HOSTS_ACCESS(3) Introduction to Library Functions HOSTS_ACCESS(3)


NAME


hosts_access, hosts_ctl, libwrap, request_init, request_set - access
control library

SYNOPSIS


#include "tcpd.h"

extern int allow_severity;
extern int deny_severity;

struct request_info *request_init(request, key, value, ..., 0)
struct request_info *request;

struct request_info *request_set(request, key, value, ..., 0)
struct request_info *request;

int hosts_access(request)
struct request_info *request;

int hosts_ctl(daemon, client_name, client_addr, client_user)
char *daemon;
char *client_name;
char *client_addr;
char *client_user;

DESCRIPTION


The routines described in this document are part of the libwrap library.
They implement a rule-based access control language with optional shell
commands that are executed when a rule fires.

request_init() initializes a structure with information about a client
request. request_set() updates an already initialized request structure.
Both functions take a variable-length list of key-value pairs and return
their first argument. The argument lists are terminated with a zero key
value. All string-valued arguments are copied. The expected keys (and
corresponding value types) are:

RQ_FILE (int)
The file descriptor associated with the request.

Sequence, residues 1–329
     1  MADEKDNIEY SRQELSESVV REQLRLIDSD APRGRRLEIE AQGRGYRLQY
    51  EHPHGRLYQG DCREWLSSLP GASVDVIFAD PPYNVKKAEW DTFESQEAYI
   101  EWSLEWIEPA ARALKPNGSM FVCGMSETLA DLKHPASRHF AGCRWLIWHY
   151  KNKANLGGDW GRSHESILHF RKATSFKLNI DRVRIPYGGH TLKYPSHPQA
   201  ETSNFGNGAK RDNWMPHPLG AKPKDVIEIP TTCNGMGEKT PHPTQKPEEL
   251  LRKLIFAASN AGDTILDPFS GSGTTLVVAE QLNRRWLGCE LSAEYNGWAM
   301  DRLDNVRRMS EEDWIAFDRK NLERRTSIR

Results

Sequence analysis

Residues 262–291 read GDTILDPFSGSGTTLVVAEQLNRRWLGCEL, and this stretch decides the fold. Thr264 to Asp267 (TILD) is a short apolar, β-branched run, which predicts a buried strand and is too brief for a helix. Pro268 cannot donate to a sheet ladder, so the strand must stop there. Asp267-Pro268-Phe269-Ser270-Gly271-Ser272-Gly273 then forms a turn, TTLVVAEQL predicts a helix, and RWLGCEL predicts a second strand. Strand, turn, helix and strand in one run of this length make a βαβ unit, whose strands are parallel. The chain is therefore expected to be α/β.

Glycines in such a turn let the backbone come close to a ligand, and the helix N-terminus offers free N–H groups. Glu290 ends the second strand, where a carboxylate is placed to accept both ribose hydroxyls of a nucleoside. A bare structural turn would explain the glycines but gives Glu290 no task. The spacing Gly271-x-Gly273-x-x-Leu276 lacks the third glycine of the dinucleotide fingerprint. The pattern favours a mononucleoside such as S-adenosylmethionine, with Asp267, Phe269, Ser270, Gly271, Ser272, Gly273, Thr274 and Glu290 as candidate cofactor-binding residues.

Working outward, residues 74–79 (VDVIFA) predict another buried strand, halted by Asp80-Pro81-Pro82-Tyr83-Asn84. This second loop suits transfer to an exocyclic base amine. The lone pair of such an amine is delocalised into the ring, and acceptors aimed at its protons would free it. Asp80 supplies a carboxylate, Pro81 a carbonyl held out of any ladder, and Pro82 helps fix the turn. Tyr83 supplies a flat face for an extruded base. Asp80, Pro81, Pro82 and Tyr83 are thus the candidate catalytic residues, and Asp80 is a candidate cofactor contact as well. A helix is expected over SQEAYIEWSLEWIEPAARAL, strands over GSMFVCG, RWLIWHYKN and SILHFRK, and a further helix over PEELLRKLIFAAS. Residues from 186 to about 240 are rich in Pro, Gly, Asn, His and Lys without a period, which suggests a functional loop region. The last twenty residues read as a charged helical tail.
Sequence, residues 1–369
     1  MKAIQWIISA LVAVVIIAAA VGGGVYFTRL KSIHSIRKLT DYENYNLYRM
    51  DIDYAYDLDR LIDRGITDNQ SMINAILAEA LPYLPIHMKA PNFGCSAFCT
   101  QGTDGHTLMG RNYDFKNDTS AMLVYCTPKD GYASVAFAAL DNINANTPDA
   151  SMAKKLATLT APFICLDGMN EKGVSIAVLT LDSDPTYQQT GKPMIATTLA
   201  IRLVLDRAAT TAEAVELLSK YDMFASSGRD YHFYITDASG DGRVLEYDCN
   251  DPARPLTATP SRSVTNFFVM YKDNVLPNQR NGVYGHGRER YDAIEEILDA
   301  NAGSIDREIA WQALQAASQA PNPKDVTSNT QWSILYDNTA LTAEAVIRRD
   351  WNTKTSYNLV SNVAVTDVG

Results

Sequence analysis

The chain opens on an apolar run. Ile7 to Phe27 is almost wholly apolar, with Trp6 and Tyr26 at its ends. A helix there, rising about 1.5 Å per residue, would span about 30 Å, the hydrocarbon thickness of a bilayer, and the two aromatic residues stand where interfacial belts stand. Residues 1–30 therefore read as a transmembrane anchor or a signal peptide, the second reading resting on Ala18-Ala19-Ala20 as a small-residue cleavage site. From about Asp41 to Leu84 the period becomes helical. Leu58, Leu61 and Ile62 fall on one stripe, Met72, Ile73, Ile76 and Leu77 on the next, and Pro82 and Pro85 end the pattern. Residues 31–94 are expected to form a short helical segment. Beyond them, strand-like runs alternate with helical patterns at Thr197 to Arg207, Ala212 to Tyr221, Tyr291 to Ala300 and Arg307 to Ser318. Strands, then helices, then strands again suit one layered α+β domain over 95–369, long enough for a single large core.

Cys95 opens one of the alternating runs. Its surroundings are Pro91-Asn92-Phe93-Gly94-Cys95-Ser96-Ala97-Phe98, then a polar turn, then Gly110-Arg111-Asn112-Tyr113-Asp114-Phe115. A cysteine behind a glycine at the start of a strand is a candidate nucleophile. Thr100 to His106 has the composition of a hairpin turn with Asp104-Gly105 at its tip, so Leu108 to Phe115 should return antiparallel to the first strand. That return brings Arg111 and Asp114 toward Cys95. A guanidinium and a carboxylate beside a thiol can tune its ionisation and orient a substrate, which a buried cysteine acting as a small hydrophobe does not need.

RQ_CLIENT_NAME (char *)
The client host name.

RQ_CLIENT_ADDR (char *)
A printable representation of the client network address.

RQ_CLIENT_SIN (struct sockaddr_in *)
An internal representation of the client network address and port.
The contents of the structure are not copied.

RQ_SERVER_NAME (char *)
The hostname associated with the server endpoint address.

RQ_SERVER_ADDR (char *)
A printable representation of the server endpoint address.

RQ_SERVER_SIN (struct sockaddr_in *)
An internal representation of the server endpoint address and
port. The contents of the structure are not copied.

RQ_DAEMON (char *)
The name of the daemon process running on the server host.

RQ_USER (char *)
The name of the user on whose behalf the client host makes the
request.

hosts_access() consults the access control tables described in the
hosts_access(4) manual page. When internal endpoint information is
available, host names and client user names are looked up on demand,
using the request structure as a cache. hosts_access() returns zero if
access should be denied.

hosts_ctl() is a wrapper around the request_init() and hosts_access()
routines with a perhaps more convenient interface (though it does not
pass on enough information to support automated client username lookups).
The client host address, client host name and username arguments should
contain valid data or STRING_UNKNOWN. hosts_ctl() returns zero if access
should be denied.

The allow_severity and deny_severity variables determine how accepted and
rejected requests may be logged. They must be provided by the caller and
may be modified by rules in the access control tables.

DIAGNOSTICS


Problems are reported via the syslog daemon.

SEE ALSO


hosts_access(4), format of the access control tables. hosts_options(4),
optional extensions to the base language.

FILES


/etc/hosts.allow, /etc/hosts.deny, access control tables.

BUGS


hosts_access() uses the strtok() library function. This may interfere
with other code that relies on strtok().

AUTHOR


Wietse Venema (wietse@wzv.win.tue.nl)
Department of Mathematics and Computing Science
Eindhoven University of Technology
Den Dolech 2, P.O. Box 513
5600 MB Eindhoven, The Netherlands


May 13, 2017 HOSTS_ACCESS(3)